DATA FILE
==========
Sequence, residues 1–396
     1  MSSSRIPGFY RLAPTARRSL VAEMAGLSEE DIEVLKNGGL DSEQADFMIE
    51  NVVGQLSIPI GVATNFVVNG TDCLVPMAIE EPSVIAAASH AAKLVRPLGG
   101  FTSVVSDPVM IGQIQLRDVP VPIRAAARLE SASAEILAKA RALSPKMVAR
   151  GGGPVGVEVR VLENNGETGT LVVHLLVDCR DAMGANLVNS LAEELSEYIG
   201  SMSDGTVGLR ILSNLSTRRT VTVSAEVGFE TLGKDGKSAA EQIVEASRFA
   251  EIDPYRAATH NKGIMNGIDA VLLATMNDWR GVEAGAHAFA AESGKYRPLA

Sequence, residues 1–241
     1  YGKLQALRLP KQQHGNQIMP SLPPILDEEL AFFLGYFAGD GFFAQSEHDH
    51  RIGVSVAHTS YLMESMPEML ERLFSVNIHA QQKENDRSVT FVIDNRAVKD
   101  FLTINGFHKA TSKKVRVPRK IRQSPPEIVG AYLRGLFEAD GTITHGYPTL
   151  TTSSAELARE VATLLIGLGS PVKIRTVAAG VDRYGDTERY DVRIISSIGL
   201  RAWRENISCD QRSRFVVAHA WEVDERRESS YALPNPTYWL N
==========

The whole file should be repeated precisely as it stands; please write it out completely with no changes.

Sequence, residues 1–396
     1  MSSSRIPGFY RLAPTARRSL VAEMAGLSEE DIEVLKNGGL DSEQADFMIE
    51  NVVGQLSIPI GVATNFVVNG TDCLVPMAIE EPSVIAAASH AAKLVRPLGG
   101  FTSVVSDPVM IGQIQLRDVP VPIRAAARLE SASAEILAKA RALSPKMVAR
   151  GGGPVGVEVR VLENNGETGT LVVHLLVDCR DAMGANLVNS LAEELSEYIG
   201  SMSDGTVGLR ILSNLSTRRT VTVSAEVGFE TLGKDGKSAA EQIVEASRFA
   251  EIDPYRAATH NKGIMNGIDA VLLATMNDWR GVEAGAHAFA AESGKYRPLA

Sequence, residues 1–241
     1  YGKLQALRLP KQQHGNQIMP SLPPILDEEL AFFLGYFAGD GFFAQSEHDH
    51  RIGVSVAHTS YLMESMPEML ERLFSVNIHA QQKENDRSVT FVIDNRAVKD
   101  FLTINGFHKA TSKKVRVPRK IRQSPPEIVG AYLRGLFEAD GTITHGYPTL
   151  TTSSAELARE VATLLIGLGS PVKIRTVAAG VDRYGDTERY DVRIISSIGL
   201  RAWRENISCD QRSRFVVAHA WEVDERRESS YALPNPTYWL N